Wilderness ethics agrees from the establishment of a two-way relationship between the human and the living earth. We believe that Nature, in all its forms, is our wisest teacher, the mirror of the soul. Our attitude of reverence and appreciation for nature is the basis for these principles, which guide the programs we lead.
We recognize that each wilderness area is unique and fragile, and that the rocks, waterways, plants, animals and every other facet of an ecosystem has a long and complex relationship with its place. This conviction impels us to protect and preserve these places as we immerse ourselves in their beauty and mystery.
We believe that relations between humans and nature can be mutually beneficial. We introduce participants in our groups to the healing, aesthetic, and spiritual qualities of the natural world. In turn, we move with care and mindfulness in the places we visit, learning from the plant, animal and mineral beings we discover, while leaving them undisturbed. To the best of our ability, we restore the land we have spent time on.
We believe that our programs, which further an individual’s harmonious relationship with the Earth, are compatible with the multipurpose goals of public lands. We attain permission from the managers of the public and private lands where we take our groups, and we maintain communication with them to provide input, and support them in their stewardship of these sacred lands.
Because we respect the inviolability of each complex ecosystem, as well as the rights of other people to enjoy these places, we follow the accepted practices of Leave No Trace camping, as they have been defined for each bioregion.
We abide by the regulations of land managers in specific areas in regards to: building fires, stream and spring setbacks, elimination of waste, disposal of garbage and trash, making trails, vehicle use, protection of wildlife, care of historical sites, restoration of campsites, and other regulations.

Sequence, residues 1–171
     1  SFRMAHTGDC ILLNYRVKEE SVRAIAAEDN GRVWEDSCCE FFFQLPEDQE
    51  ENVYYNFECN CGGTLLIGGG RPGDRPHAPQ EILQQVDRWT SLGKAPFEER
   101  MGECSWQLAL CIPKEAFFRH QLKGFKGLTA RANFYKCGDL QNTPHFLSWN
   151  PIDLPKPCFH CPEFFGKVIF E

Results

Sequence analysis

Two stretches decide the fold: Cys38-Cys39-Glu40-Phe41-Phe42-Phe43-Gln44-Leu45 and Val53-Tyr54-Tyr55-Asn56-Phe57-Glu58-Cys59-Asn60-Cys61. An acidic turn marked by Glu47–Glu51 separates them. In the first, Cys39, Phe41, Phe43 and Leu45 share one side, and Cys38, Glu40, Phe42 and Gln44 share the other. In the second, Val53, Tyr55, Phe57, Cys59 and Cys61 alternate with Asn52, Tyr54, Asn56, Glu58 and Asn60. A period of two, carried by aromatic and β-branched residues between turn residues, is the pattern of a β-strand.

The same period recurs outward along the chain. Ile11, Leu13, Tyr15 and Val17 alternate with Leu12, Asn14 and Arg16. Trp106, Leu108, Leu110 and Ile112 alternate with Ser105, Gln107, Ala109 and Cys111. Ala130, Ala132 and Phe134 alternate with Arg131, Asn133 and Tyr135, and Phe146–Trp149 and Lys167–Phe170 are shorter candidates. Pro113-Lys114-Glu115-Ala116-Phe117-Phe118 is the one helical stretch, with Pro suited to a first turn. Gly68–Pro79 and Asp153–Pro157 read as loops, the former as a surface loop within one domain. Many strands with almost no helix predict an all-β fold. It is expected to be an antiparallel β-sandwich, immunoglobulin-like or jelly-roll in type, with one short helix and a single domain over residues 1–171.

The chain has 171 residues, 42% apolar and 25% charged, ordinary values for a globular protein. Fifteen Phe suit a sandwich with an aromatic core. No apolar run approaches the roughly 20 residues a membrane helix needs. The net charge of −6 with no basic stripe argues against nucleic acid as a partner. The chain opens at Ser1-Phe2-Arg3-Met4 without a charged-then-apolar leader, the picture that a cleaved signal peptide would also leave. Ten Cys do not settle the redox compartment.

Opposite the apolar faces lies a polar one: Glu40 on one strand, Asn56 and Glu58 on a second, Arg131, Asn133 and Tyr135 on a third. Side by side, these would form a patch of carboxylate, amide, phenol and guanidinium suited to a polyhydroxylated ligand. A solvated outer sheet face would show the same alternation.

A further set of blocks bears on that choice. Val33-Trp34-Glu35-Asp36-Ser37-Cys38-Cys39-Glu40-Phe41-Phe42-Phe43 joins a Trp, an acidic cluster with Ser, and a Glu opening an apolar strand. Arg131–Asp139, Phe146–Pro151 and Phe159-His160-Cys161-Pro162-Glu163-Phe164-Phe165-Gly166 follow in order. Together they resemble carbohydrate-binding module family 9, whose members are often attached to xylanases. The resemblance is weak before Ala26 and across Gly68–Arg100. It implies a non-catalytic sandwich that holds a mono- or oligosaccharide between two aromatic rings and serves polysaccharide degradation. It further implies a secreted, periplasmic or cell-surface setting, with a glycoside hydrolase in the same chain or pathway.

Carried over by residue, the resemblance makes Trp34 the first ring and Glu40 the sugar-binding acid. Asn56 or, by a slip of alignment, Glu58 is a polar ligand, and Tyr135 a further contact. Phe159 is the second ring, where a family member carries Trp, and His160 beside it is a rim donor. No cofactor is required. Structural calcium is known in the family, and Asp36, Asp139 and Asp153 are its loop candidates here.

As stewards of the earth, we pay particular attention to the impact on wilderness associated with ceremonial practices, such as prayer ties, buddies’ stone piles, dance circles, medicine wheels, purpose circles, altars, and other temporary disturbances of the land. We dismantle any modifications we’ve made and restore the land to its original condition.
We practice care for the land by allowing ample time for a particular base camp to renew itself completely before reuse.
We maintain an ethical relationship with our clients, with the land management agencies and owners of the lands we visit, and with one another: We honestly represent ourselves in the ways we market our programs.
Acknowledging that no one owns the Earth, we realize that more than one group may seek out certain beautiful and sacred places, and we handle such encounters or potential encounters with compassion.
We instill in participants both a spiritual and a practical regard for Nature. We educate them in the practices of traceless camping, in the principles set forth in this Ethics Statement, and in the benefits of developing an ongoing personal relationship with the Earth.
Taken from the Wilderness Guides Council Ethics Statement